In addition to rolling, you also get access to Plot Points. PP let you bend results into your favour. If you really need to hide from those guards, you can spend a Plot Point and roll an extra die toward your total. Maybe that shot coming at you is going to blow right through your brainpan, ending your unseemly career. A few Plot Points may turn that mortal wound into a minor graze.
1 PP = 1 dice step
Example: Wash is doing some tricky flying through significant cloud cover, hoping Serenity can evade a small Alliance gunship. His player decides to spend 3 Plot Points on his next action, so he hands 3 poker chips to the GM and then adds a d6 to his next action roll.
The extra die saves him from a botch, so the GM announces that the gunship is still hot on Serenity’s tail. Wash then decides to pull a rapid deceleration—essentially “putting on the brakes” so the Alliance boat will fly past them. The GM is pleased with Wash’s clever maneuver, and quietly hands the player two Plot Points as a reward.
Plot Points can be spent or saved as you see fit, but* only 6 points can be saved between game sessions*. The rest become Progression Points and are used to improve Skills, Attributes, and either add or remove Traits. Plot Points are the primary reward in the game, and are handed out for good role playing, good ideas, and succeeding in goals. Keep track of your PP.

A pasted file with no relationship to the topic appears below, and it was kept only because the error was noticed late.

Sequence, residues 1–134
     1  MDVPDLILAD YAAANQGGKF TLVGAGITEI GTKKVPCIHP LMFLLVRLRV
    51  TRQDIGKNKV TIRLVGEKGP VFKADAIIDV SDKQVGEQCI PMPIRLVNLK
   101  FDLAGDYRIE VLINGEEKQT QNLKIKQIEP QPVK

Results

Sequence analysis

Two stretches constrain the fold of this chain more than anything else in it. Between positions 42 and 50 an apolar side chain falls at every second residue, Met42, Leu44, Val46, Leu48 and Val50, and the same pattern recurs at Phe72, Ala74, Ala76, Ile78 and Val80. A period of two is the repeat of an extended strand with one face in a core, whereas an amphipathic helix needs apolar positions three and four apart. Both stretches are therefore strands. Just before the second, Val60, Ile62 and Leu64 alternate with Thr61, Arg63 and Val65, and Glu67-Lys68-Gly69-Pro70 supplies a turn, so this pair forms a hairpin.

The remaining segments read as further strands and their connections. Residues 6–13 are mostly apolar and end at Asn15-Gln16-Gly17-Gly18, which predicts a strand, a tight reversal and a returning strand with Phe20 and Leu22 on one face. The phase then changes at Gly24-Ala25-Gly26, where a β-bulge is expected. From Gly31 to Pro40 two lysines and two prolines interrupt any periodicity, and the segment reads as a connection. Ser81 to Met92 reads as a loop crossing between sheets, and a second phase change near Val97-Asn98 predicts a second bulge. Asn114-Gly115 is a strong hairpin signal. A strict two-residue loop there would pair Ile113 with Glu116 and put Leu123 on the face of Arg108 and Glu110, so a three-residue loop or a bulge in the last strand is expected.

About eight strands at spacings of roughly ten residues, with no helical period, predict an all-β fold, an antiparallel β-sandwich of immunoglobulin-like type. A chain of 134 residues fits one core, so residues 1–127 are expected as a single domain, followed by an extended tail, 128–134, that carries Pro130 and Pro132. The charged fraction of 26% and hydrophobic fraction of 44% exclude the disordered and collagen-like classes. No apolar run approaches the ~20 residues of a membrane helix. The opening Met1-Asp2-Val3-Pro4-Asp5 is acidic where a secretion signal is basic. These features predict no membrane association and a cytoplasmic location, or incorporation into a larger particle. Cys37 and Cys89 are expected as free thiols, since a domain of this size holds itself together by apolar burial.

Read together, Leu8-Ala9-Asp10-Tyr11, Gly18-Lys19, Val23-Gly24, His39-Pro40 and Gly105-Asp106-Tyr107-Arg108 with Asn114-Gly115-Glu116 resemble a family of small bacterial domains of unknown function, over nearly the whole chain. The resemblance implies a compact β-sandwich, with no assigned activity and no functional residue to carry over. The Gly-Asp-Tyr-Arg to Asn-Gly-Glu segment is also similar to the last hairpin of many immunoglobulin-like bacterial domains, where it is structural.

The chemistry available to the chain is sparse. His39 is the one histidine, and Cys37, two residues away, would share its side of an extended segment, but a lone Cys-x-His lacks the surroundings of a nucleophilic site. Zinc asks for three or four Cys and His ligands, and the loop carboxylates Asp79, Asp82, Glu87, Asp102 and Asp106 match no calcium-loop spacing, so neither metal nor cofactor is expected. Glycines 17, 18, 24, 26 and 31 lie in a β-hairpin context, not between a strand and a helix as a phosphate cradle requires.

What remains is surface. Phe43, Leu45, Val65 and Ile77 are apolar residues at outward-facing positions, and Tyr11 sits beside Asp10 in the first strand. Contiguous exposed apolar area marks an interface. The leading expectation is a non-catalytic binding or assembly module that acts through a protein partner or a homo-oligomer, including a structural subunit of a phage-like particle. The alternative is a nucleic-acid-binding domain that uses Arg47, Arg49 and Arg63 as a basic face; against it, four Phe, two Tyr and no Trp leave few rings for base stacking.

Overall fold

Plot Points “After the Fact”: You can also spend Plot Points to affect an action after the dice have been rolled. This is generally much more expensive, but can still make a difference on really important actions. Each Plot Point spent improves the die total by only 1.
Example: if the action is requiring an 11 for success, and you roll a 7, you would have to spend 4 PP to get it up to bare minimum.
Plot points in reference to affecting storyline is entirely up to your GM and if they want to enact that rule.